TAMPA — Howell Donaldson stepped beside his lawyer looking haggard, his wrists clasped in chains, his body wrapped in a green anti-suicide smock. He said nothing as a judge explained via a closed-circuit TV that he faces four counts of first-degree murder.
Miles away in a packed Tampa courtroom, State Attorney Andrew Warren was among those who watched the brief first appearance for the man accused in four shootings that terrorized Tampa's Southeast Seminole Heights neighborhood for 51 days.
Many wanted to know: Would Warren seek the death penalty?
At a news conference that followed the hearing, Warren said he might.
"The death penalty should be reserved for the worst of the worst offenders in our society," he said, "and, generally speaking, a serial killer would qualify."
Donaldson, 24, was arrested early Wednesday, hours after he gave a bag that held a gun to a fellow employee of an Ybor City McDonald's. The employee summoned police, who detained Donaldson as they examined the weapon. They later said the gun was the same one used in the string of killings, which began Oct. 9.
The victims were Benjamin Mitchell, 22; Monica Hoffa, 32; Anthony Naiboa, 20; and Ronald Felton, 60.
On Thursday morning, eight of Hoffa's family members packed a second-row bench behind a throng of reporters in Taylor's courtroom.
Her father, Kenny Hoffa, said later that he trusted Warren's office to make the right decisions in the case.
He also expressed empathy for Donaldson's relatives.
"I'm praying for his family," he said. "I know they're experiencing everything we're experiencing. … Unfortunately, they're going to suffer the loss of a son, like we lost a daughter. It's a tragedy all the way around."
Warren said he would seek capital punishment if the case meets all legal requirements and is consistent with what the victims' families want. Since he was elected as the county's top prosecutor last year, Warren has withdrawn from the death penalty in seven of the 24 capital cases he inherited. But on Thursday, he emphasized his office has sought new death sentences in three.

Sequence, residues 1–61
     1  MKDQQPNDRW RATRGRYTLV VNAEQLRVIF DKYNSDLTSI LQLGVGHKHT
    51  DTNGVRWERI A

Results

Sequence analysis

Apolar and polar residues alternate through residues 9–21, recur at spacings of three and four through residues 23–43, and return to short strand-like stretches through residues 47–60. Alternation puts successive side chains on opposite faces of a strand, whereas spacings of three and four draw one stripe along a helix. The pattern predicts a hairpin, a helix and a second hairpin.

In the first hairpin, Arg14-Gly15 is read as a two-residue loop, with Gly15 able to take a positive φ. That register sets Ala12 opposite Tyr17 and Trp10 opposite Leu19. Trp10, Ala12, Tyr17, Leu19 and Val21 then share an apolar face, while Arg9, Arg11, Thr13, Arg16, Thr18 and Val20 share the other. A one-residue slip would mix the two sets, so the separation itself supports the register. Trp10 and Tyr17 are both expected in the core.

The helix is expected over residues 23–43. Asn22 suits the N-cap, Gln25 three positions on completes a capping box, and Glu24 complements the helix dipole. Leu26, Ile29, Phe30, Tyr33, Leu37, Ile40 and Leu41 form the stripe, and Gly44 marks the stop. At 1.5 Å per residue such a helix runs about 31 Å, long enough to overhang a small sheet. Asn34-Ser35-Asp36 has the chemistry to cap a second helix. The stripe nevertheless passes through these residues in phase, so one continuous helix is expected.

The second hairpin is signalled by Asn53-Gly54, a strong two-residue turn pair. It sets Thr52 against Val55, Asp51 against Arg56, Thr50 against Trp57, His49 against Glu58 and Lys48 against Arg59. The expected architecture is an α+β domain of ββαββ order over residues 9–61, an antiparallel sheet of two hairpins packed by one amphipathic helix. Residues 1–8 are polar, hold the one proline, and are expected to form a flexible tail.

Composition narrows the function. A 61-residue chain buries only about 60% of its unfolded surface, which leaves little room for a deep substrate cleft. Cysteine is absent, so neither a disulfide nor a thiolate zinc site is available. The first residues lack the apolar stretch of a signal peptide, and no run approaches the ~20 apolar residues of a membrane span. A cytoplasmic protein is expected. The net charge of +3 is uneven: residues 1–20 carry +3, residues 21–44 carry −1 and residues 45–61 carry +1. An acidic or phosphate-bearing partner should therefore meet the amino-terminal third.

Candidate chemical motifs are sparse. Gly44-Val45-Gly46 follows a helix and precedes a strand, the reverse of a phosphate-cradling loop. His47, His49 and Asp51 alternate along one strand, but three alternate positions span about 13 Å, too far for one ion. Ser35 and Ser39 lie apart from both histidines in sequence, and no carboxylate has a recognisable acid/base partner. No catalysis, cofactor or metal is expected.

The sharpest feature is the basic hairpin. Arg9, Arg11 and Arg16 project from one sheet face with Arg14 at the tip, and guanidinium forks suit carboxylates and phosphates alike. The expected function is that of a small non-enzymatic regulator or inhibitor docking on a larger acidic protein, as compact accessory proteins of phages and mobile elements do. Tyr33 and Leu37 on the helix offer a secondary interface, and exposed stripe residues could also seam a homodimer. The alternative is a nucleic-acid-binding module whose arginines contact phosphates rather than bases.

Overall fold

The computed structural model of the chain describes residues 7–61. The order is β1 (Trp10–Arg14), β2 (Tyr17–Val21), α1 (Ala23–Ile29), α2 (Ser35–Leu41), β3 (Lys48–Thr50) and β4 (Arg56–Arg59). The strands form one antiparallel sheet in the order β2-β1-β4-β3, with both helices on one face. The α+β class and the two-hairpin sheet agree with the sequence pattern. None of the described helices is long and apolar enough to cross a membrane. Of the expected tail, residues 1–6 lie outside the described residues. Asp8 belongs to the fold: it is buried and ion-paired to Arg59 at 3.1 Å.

Whether Donaldson will make four is a decision that will be determined after a thorough review of the case's aggravating factors, Warren said. He also said they will consider any potential mitigating issues, like the defendant's age and mental health.
Tampa Mayor Bob Buckhorn was unequivocal in his declaration Wednesday that he thinks Donaldson should be executed if found guilty.
The State Attorney's Office still needs to bring formal charges before a grand jury to indict Donaldson on capital charges.
It was unclear why Donaldson was wearing the green smock Thursday. Hillsborough sheriff's officials declined to say, citing medical privacy laws.
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Jail personnel decide how to dress inmates based on their charges and a psychological screening during the booking process to determine whether they pose a risk to themselves or other inmates, sheriff's officials said. The garment is designed to resist tearing, preventing its use as a noose.
Since his arrest, Donaldson has been held in administrative confinement, which means he sits in a single-man cell with few of the privileges other inmates enjoy.
County Judge Margaret Taylor appointed the office of Public Defender Julianne Holt to represent Donaldson. The judge also ordered that Donaldson be held without bail until a second hearing scheduled for Tuesday, when she will determine if he should stay in jail until trial.
"This is just the beginning. We know that," said Hoffa's cousin, Yury Gutierrez. "We will be here, every step of the way."
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Times staff writer Tony Marrero contributed to this report. Contact Dan Sullivan at email@example.com or (813) 226-3386. Follow @TimesDan.